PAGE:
Column: Looking back at the 2012 presidential election

It began in March 2011, and it is finally coming to an end. The 2012 presidential election has been a crazy ride.

This election had children’s fare like Etch A Sketches, Battleship and Big Bird. It had secret videos, high-stakes gambling, joyful firings and two Olympics. Mr. Blue Eyes, Dirty Harry, Slick Willie and the Pillsbury Doughboy all played a part. Sexual harassment, serial adultery, rape, birth control and other sorted material were included.

Candidates included Rosanne Barr, Donald Trump, two Mormons, “Dr. No” of Texas and two disgraced politicians making comebacks in Newt Gingrich and Rick Santorum. Not to mention a man of three parties in Virgil Goode. Seven different men led polls for one nomination.

Points of debate included the war on women, class warfare, the war on drugs, the war on poverty, the war in Afghanistan, the war on terrorism, a potential war in Iran, aftermath of wars in Libya and Iraq, and a civil war in Syria.

The candidates spoke a lot of words on a lot of different issues. The issues themselves were weighty, but the amount of campaigning done undermined all the talk. An amazing amount of money and time was spent twisting those issues around in knots.

We saw new faces emerge. Who knew about Sandra Fluke, Herman Cain, Rick Santorum, Paul Ryan, Todd Akin, Richard Mourdock or Chris Stevens? How about the hugging pizza shop owner or the “Bronco Bamma” girl?

New words like Obamneycare, Romnesia and Obamaloney emerged. Old-world ideas like the sweater vest, the word "malarkey" and calling math "arithmetic" all made a comeback. New concepts such as trickle-down government, the 1 percent and a moon colony became standard topics.

Memes became standard in this election. Binders full of women, Clint Eastwood’s empty chair, Joe Biden’s laughter and Paul Ryan’s pump room all went viral. Every fundraiser became a trap where iPhone video could show you dumping on small business people or the poor and go straight online.

Polls went up and down and all around. From a poll that showed Donald Trump leading the Republican field to one that showed 0 percent black support for Mitt Romney, they were all over the place before settling right at a dead even race nationally and in every swing state.

Voter ID laws went up and down as they were passed and then struck down. Parodied everywhere from "The Daily Show" to "The Simpsons," your driver’s license became a hot political topic. From state legislators to pundits on cable, the statements were incredible and served to fuel the debate even more.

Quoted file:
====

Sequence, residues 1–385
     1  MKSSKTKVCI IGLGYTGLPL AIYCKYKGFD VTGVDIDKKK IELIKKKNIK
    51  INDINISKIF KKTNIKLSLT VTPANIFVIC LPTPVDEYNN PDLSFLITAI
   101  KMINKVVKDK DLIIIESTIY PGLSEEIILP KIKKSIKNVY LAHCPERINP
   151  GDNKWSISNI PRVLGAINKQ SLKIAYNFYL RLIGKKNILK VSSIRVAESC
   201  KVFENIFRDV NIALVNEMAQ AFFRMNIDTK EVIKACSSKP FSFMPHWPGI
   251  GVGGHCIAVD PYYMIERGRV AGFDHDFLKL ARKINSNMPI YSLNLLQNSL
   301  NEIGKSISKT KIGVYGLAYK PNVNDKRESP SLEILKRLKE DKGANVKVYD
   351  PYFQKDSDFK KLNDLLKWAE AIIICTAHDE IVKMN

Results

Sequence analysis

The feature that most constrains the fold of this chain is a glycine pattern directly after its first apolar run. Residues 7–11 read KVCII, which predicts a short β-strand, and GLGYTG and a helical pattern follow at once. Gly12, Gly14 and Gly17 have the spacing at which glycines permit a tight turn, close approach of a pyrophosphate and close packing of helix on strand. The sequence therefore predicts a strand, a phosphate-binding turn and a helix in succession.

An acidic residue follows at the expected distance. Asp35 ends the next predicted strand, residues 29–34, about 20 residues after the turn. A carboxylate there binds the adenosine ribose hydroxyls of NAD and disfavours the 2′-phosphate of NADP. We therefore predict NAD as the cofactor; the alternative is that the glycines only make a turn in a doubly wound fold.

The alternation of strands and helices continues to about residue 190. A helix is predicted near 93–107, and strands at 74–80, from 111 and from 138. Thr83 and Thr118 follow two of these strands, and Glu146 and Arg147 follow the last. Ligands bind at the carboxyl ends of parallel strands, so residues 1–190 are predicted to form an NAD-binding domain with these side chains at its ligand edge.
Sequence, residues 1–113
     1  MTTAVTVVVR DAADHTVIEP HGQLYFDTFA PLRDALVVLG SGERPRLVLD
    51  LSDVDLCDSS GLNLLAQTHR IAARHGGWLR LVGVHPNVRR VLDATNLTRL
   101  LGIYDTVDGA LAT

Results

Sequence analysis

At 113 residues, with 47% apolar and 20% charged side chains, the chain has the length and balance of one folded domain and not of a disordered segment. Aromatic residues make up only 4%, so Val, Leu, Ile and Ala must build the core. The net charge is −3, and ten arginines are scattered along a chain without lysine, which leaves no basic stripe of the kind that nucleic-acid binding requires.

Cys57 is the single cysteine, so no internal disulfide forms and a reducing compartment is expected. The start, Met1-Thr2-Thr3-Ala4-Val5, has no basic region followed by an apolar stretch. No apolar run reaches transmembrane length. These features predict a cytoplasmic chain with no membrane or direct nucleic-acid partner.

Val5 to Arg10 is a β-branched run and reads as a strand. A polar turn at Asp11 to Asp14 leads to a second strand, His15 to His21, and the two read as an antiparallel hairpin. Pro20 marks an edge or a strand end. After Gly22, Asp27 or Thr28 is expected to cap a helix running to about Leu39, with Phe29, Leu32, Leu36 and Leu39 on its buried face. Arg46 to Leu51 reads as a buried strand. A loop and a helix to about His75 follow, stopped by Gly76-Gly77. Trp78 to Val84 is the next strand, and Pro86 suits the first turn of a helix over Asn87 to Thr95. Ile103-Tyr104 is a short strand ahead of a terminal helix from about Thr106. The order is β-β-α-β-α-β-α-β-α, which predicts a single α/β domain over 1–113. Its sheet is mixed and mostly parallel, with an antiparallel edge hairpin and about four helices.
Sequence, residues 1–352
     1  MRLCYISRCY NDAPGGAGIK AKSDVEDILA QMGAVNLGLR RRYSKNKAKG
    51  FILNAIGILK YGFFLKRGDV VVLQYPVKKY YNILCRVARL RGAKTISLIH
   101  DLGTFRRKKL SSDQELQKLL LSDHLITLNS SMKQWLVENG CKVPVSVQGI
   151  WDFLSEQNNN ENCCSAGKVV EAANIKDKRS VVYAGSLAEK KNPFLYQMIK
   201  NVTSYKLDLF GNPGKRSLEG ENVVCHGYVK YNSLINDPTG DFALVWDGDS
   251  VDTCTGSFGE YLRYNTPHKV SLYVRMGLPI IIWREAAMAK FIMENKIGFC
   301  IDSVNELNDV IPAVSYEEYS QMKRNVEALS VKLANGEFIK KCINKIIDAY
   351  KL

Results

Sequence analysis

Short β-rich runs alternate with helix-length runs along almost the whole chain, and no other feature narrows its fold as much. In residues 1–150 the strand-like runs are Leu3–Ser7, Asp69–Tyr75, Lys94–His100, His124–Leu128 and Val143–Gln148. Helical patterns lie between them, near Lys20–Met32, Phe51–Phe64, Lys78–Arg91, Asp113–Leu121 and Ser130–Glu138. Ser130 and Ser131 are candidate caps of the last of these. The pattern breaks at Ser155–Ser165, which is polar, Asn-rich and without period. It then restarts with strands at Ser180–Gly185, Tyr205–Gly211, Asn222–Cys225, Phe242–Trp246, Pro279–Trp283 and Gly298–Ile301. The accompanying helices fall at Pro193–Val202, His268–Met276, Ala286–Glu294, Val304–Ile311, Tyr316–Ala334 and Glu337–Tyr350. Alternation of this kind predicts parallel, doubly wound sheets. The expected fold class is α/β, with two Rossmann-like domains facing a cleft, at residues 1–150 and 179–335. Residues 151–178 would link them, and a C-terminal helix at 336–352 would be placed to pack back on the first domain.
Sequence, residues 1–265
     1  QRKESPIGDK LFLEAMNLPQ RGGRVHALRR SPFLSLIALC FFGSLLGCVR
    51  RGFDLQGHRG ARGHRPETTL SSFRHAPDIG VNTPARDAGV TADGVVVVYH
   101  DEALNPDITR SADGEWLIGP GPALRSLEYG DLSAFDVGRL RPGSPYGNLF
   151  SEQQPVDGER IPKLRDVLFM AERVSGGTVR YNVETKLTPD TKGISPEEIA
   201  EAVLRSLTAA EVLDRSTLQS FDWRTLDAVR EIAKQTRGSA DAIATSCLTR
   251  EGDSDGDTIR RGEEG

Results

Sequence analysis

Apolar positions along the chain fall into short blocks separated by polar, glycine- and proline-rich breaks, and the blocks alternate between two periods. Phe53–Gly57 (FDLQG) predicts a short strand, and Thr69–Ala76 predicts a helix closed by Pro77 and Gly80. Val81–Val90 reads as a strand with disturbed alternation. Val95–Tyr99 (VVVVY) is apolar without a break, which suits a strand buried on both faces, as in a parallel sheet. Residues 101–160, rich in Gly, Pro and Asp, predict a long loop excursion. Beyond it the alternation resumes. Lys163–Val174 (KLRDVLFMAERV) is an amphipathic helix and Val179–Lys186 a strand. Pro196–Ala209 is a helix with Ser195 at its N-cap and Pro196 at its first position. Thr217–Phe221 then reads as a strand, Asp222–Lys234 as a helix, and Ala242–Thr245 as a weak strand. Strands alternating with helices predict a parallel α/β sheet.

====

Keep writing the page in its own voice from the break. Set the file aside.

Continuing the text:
Policy might not have been big on the campaign trail, but in the debates in took center stage.

Questions from moderators and voters themselves sharpened the candidates’ talking points down to actual answers about what they would do in office. The debates were high drama that also served to inform.

There was foreign intrigue and tragedy. Attacks on embassies, questions about culture, border towns in Afghanistan and a debate moderator’s wedding all made a difference. Not to mention a props display at the United Nations and a return to military prominence for bayonets and horses.

Unemployment numbers took center stage. From one candidate joking that he was unemployed to another being accused of “cooking the books” the month before election day, a percentage once again stood out in an election all about numbers. The biggest issue of the campaign became a numerical estimate that was tangible to a lot of people.

Math in general was a hot button issue. Tax proposals, troop withdrawals, economic projections, military spending, healthcare plans and even marathon times came under scrutiny from fact-checkers working overtime in a storm of half-truths.

Paperwork also stole the spotlight. Birth certificates, college transcripts, passport papers, voter registration forms, speech transcripts, ballot signatures and memoirs were in the news. Donald Trump’s promises of money, Obama’s historic comedy and debate performances and a movie about Obama’s past made words on the page very entertaining.

To quote Al Gore, the man on the losing end of another divisive election, “Now the political struggle is over and we turn again to the unending struggle for the common good of all Americans and for those multitudes around the world who look to us for leadership in the cause of freedom.”

After this election, this work of governing and leading will go on regardless of who won. Forgive us if we take a moment to look back before we look forward. This will be an election marked down as one of the lengthiest, most entertaining, hotly contested elections in history. It’s been a great time.

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